This study aims to investigate the outcomes and risk factors associated with poor vision (vision less than counting fingers, 2.0 logMAR, Snellen vision 20/2000) in patients with posterior or combined persistent fetal vasculature (PFV), with or without surgery. We retrospectively reviewed the medical records of patients who were diagnosed with PFV from January 2008 to April 2021. We included 51 eyes of 44 patients who presented with PFV, of which 38 eyes underwent surgical correction (pars plicata/plana vitrectomy, with or without lensectomy, and intraocular lens implantation) at the median age of 6.0 months (range: 0.7 to 82.0). The mean follow-up was 68.8 months ± 38.0 months. The axial length change in the eyes undergoing surgery was significantly higher than the eyes without surgery (p = 0.025). Initial anterior chamber collapse and retinal detachment were associated with poor vision (p = 0.006 and p = 0.002, respectively). In addition, 37% of eyes with posterior or combined PFV had vision better than counting fingers. Surgery for eyes with PFV could result in better eye growth. Visual outcomes remained poor and were associated with the level of macular abnormality. Initial anterior chamber collapse and retinal detachment at presentation were the risk factors for poor visual outcomes. Vitrectomy for selected PFV eyes is valuable and associated with a better cosmetic outcome (better eye growth). Full article
(This article belongs to the Special Issue Novel Development and Therapy in Neovascular Retinal Diseases)
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10 pages, 257 KiB  
Article
Effects of TIMP-2 Polymorphisms on Retinopathy of Prematurity Risk, Severity, Recurrence, and Treatment Response
by Pei-Liang Wu, Xiao Chun Ling, Eugene Yu-Chuan Kang, Kuan-Jen Chen, Nan-Kai Wang, Laura Liu, Yen-Po Chen, Yih-Shiou Hwang, Chi-Chun Lai, Shun-Fa Yang and Wei-Chi Wu
Int. J. Mol. Sci. 2022, 23(22), 14199; https://doi.org/10.3390/ijms232214199 - 17 Nov 2022
Cited by 1 | Viewed by 1200
Abstract
Tissue inhibitors of metalloproteinases (TIMPs) play a crucial role in endogenous angiogenesis besides the regulation of matrix metalloproteinase (MMP) activity. Associations between TIMP-2 gene polymorphisms and the risk of retinopathy of prematurity (ROP) were examined. Premature infants born between 2009 and 2018 were [...] Read more.
Tissue inhibitors of metalloproteinases (TIMPs) play a crucial role in endogenous angiogenesis besides the regulation of matrix metalloproteinase (MMP) activity. Associations between TIMP-2 gene polymorphisms and the risk of retinopathy of prematurity (ROP) were examined. Premature infants born between 2009 and 2018 were included. Five single-nucleotide polymorphisms (SNPs) of TIMP-2 were analyzed with real-time polymerase chain reaction (PCR). Multivariate logistic regression was applied to model associations between TIMP-2 polymorphisms and ROP susceptibility and severity. The GA+AA genotype in individuals with the TIMP-2 polymorphism of rs12600817 was associated with a higher risk of ROP (odds ratio [OR]: 1.518, 95% confidence interval [CI]: 1.028–2.242) compared with their wild-type genotypes. The AA genotype (OR: 1.962, 95% CI: 1.023–3.762) and the AA+GA genotype (OR: 1.686, 95% CI: 1.030–2.762) in individuals with the rs12600817 polymorphism had higher risks of severe, treatment-requiring ROP relative to their wild-type counterparts. In patients with treatment-requiring ROP, the AG+GG genotypes in the TIMP-2 polymorphism of rs2889529 were correlated with the treatment response (p = 0.035). The TIMP-2 polymorphism of rs12600817 help in predicting ROP risks in preterm infants, while the polymorphism of rs2889529 can serve as a genetic marker in evaluating the ROP treatment response. Full article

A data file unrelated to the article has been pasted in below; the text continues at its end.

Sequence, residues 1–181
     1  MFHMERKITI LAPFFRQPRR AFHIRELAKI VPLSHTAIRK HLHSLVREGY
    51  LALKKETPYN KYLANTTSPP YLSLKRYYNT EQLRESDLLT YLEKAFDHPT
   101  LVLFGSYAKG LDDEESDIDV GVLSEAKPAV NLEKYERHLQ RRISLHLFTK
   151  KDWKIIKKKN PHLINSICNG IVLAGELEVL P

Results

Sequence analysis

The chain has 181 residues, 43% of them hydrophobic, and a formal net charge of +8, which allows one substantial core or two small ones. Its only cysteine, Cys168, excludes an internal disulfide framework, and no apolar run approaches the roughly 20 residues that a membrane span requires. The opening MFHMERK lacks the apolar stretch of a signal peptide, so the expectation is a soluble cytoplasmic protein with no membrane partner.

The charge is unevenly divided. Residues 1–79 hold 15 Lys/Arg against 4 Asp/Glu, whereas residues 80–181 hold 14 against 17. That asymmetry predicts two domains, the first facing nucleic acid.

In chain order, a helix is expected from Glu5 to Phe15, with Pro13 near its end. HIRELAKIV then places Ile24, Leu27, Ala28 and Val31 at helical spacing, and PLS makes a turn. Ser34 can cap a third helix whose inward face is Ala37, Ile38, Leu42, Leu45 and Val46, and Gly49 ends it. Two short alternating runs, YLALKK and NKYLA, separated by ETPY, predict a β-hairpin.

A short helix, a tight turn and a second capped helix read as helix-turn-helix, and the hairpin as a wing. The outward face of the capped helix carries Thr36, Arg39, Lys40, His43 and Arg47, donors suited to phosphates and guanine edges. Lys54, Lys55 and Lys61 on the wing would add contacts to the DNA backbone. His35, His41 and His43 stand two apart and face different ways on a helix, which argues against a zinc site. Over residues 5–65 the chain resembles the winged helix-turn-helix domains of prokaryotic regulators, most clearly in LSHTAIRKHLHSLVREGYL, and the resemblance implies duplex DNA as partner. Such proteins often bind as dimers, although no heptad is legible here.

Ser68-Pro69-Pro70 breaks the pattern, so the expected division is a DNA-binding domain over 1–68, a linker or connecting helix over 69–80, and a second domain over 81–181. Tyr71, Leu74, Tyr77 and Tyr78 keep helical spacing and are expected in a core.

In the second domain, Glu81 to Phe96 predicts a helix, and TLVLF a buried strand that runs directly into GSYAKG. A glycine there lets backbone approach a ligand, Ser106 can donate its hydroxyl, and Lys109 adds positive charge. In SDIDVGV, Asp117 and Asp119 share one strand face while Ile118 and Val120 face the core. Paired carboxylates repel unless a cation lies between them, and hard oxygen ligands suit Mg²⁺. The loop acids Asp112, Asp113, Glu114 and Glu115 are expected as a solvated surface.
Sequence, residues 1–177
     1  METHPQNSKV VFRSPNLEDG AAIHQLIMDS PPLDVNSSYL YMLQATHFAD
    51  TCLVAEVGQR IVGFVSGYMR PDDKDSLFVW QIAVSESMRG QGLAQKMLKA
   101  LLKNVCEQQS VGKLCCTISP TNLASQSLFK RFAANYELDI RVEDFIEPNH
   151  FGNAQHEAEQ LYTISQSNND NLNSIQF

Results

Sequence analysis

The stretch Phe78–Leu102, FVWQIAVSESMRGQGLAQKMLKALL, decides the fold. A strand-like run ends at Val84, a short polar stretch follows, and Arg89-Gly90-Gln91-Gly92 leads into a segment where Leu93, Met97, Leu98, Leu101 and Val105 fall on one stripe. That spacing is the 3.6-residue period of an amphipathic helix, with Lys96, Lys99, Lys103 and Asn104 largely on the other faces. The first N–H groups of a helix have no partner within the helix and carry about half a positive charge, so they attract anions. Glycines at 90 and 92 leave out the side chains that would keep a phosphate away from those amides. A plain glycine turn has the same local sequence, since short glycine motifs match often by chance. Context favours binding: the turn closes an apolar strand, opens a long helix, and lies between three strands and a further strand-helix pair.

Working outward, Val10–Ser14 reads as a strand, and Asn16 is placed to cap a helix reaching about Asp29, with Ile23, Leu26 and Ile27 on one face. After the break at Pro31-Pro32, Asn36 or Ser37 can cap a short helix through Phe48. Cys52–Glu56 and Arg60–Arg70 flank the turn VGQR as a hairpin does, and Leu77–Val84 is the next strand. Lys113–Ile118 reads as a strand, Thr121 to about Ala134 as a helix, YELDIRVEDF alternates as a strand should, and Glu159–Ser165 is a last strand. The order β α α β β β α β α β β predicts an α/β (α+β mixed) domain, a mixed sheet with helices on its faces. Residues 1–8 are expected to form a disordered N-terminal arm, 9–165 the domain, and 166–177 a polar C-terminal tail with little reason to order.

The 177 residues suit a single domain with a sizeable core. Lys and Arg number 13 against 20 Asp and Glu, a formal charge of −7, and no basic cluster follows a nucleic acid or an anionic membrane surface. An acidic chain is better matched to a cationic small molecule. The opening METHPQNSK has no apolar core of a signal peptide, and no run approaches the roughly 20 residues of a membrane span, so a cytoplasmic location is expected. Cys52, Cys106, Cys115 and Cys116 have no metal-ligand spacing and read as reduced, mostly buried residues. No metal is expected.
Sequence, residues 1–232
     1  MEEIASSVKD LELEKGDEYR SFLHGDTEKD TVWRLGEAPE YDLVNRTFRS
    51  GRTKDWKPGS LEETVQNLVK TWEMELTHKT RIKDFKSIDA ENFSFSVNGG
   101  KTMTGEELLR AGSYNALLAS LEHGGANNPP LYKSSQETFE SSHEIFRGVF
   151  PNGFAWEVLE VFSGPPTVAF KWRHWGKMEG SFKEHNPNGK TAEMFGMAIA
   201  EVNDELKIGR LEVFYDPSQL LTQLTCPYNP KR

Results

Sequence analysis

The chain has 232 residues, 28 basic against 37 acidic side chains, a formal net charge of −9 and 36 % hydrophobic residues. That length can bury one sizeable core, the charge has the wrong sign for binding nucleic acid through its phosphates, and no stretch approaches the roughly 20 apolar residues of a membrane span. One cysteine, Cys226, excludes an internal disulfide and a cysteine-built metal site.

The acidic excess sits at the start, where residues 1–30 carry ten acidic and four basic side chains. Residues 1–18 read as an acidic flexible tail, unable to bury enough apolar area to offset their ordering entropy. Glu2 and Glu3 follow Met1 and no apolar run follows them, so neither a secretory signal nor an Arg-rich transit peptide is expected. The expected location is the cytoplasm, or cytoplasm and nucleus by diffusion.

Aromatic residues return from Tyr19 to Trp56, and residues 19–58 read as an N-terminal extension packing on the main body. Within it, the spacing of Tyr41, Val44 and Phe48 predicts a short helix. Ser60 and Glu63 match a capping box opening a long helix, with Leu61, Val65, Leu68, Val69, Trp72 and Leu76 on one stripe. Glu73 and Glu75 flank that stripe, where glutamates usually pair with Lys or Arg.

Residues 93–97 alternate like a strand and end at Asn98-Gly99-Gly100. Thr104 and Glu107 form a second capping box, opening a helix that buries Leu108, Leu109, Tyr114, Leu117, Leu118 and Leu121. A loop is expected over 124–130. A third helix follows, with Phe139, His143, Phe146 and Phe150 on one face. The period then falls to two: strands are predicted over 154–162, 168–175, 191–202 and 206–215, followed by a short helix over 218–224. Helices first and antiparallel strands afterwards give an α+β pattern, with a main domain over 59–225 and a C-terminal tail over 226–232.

(This article belongs to the Special Issue Novel Development and Therapy in Neovascular Retinal Diseases)
10 pages, 602 KiB  
Article
The Association of Erythropoietin and Age-Related Macular Degeneration in Hemodialysis Patients: A Nationwide Population-Based Cohort Study
by Evelyn-Jou-Chen Huang, Fung-Chang Sung, Peir-Haur Hung, Chih-Hsin Muo, Meei-Maan Wu and Chih-Ching Yeh
Int. J. Mol. Sci. 2022, 23(17), 9634; https://doi.org/10.3390/ijms23179634 - 25 Aug 2022
Cited by 1 | Viewed by 1522
Abstract
This population-based retrospective cohort study investigated the effectiveness of erythropoietin (EPO) treatment in reducing the risk of age-related macular degeneration (AMD) in hemodialysis patients, using the National Health Insurance Research Data of Taiwan. From the database, we identified 147,318 end-stage renal disease (ESRD) [...] Read more.
This population-based retrospective cohort study investigated the effectiveness of erythropoietin (EPO) treatment in reducing the risk of age-related macular degeneration (AMD) in hemodialysis patients, using the National Health Insurance Research Data of Taiwan. From the database, we identified 147,318 end-stage renal disease (ESRD) patients on hemodialysis who had been diagnosed in 2000–2014 to establish the propensity-score-matched EPO user cohort and non-EPO user cohort with equal sample size of 15,992. By the end of 2016, the cumulative incidence of AMD in EPO users was about 3.29% lower than that in non-EPO users (Kaplan–Meier survival p < 0.0001). The risk of AMD was 43% lower in EPO users than in non-EPO users, with an adjusted hazard ratio (aHR) of 0.57 (95% confidence interval (CI) = 0.51–0.64) estimated in the multivariate Cox model. A significant negative dose–response relationship was identified between the EPO dosage and the risk of AMD (p < 0.0001). Another beneficial effect of EPO treatment was a reduced risk of both exudative AMD (aHR = 0.48, 95% CI = 0.40–0.61) and non-exudative AMD (aHR = 0.61, 95% CI = 0.53–0.69), also in similar dose–response relationships (p < 0.0001). Our findings suggest that EPO treatment for hemodialysis patients could reduce AMD risk in a dose–response relationship. Full article
(This article belongs to the Special Issue Novel Development and Therapy in Neovascular Retinal Diseases)